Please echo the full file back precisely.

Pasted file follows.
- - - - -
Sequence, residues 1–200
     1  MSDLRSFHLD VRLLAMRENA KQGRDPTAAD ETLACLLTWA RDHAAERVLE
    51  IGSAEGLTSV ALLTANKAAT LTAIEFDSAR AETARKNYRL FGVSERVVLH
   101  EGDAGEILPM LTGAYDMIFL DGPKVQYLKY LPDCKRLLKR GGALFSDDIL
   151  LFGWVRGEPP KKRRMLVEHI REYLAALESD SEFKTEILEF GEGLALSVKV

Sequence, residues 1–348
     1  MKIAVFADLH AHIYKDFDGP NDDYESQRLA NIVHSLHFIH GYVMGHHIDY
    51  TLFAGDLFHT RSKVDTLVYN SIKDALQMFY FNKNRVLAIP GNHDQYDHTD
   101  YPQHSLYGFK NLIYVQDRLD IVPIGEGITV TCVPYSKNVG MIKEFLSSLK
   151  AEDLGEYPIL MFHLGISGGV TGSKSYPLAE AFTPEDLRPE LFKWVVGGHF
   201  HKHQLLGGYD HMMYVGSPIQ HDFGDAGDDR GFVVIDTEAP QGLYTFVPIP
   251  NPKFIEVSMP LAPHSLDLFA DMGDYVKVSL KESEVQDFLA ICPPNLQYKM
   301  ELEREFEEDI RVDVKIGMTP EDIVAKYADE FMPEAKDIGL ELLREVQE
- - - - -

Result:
Sequence, residues 1–200
     1  MSDLRSFHLD VRLLAMRENA KQGRDPTAAD ETLACLLTWA RDHAAERVLE
    51  IGSAEGLTSV ALLTANKAAT LTAIEFDSAR AETARKNYRL FGVSERVVLH
   101  EGDAGEILPM LTGAYDMIFL DGPKVQYLKY LPDCKRLLKR GGALFSDDIL
   151  LFGWVRGEPP KKRRMLVEHI REYLAALESD SEFKTEILEF GEGLALSVKV

Sequence, residues 1–348
     1  MKIAVFADLH AHIYKDFDGP NDDYESQRLA NIVHSLHFIH GYVMGHHIDY
    51  TLFAGDLFHT RSKVDTLVYN SIKDALQMFY FNKNRVLAIP GNHDQYDHTD
   101  YPQHSLYGFK NLIYVQDRLD IVPIGEGITV TCVPYSKNVG MIKEFLSSLK
   151  AEDLGEYPIL MFHLGISGGV TGSKSYPLAE AFTPEDLRPE LFKWVVGGHF
   201  HKHQLLGGYD HMMYVGSPIQ HDFGDAGDDR GFVVIDTEAP QGLYTFVPIP
   251  NPKFIEVSMP LAPHSLDLFA DMGDYVKVSL KESEVQDFLA ICPPNLQYKM
   301  ELEREFEEDI RVDVKIGMTP EDIVAKYADE FMPEAKDIGL ELLREVQE